Conservation group BirdLife Tasmania said the most recent government survey found a population of small penguins, of which there used to be 3,000, had since completely disappeared from the island.
A decade ago, the devils — carnivorous marsupials native to the island state of Tasmania — faced the threat of extinction from a transmissible and deadly facial tumor disease.
Maria Island was one of several islands chosen to house the “insurance populations,” according to BirdLife Tasmania. This helped the population of Tasmanian devils recover, growing from 28 devils between 2012 and 2013 to an estimated 100 in 2016.
Eric Woehler, convenor of BirdLife Tasmania, said the loss of birds was more a matter of “when, not if.”
“When you look at the history of accidental or deliberate introductions of carnivore predators to oceanic islands anywhere in the world, there has always been a catastrophic impact on the bird populations on those islands,” he added.
CNN has reached out to the Australian and Tasmanian governments for comment.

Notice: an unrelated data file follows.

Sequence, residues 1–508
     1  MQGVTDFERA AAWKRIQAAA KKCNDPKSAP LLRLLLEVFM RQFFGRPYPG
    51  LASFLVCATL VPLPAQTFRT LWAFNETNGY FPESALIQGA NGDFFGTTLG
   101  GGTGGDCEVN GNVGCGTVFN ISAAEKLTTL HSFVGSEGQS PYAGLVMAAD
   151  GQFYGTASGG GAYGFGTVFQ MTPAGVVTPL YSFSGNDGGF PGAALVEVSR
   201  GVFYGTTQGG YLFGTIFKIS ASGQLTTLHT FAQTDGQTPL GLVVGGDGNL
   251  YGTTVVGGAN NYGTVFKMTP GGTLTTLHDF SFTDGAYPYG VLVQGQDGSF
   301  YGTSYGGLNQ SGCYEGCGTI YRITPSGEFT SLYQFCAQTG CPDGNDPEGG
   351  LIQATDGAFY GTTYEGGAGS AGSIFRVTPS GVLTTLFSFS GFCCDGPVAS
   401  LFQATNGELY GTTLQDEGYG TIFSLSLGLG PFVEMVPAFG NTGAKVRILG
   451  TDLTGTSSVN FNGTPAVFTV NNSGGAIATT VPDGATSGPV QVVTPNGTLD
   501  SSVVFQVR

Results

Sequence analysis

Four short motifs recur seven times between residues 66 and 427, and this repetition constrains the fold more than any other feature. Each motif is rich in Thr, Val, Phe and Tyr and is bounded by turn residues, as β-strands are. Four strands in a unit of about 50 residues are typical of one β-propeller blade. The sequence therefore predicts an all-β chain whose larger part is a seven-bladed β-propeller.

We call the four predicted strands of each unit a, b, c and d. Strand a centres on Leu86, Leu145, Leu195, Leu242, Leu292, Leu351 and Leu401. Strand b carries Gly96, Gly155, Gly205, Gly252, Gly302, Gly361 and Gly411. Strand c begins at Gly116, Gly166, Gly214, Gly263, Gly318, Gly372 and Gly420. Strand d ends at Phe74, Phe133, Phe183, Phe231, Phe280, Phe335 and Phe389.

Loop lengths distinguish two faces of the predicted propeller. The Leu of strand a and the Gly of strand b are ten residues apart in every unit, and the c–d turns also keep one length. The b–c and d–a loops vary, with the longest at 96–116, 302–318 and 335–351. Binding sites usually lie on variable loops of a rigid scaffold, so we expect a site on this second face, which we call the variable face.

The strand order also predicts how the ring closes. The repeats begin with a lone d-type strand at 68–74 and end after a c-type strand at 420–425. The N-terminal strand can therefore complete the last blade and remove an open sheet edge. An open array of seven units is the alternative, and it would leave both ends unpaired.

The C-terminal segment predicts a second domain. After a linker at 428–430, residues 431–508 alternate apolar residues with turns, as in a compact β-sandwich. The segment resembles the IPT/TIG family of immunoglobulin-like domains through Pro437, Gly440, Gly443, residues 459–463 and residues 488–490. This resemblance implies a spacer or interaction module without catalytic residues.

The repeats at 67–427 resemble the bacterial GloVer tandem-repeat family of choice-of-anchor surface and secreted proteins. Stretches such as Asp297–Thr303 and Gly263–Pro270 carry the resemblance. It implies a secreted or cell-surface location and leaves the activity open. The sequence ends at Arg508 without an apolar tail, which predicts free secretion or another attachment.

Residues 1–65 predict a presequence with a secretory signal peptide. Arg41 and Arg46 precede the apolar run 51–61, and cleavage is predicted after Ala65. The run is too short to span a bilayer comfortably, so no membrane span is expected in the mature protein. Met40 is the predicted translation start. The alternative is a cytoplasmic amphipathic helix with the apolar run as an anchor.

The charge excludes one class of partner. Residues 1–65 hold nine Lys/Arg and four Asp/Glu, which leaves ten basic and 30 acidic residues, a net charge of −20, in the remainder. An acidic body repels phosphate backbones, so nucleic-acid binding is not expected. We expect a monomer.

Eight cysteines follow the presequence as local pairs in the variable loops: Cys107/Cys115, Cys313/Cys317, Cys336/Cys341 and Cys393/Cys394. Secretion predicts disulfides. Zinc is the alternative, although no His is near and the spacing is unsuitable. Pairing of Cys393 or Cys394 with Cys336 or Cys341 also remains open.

Some conservationists and scientists had warned of the possible impact on other wildlife species before the devils were transplanted. A 2011 report by the Tasmanian Department of Primary Industries, Parks, Water and Environment said there might be “a negative impact on little penguin and shearwater colonies on Maria Island through devil predation.”
Woehler said now would be a good time to remove the devils from Maria Island, adding penguin colonies could regrow once the pressure of predation was gone.
“There is an increasing prevalence of resistance to the disease in wild devils,” he said. “The fact that there are already other insurance populations in existence around Tasmania, means Maria Island can be re-established as an island for the penguins and the shearwaters without the devils present.”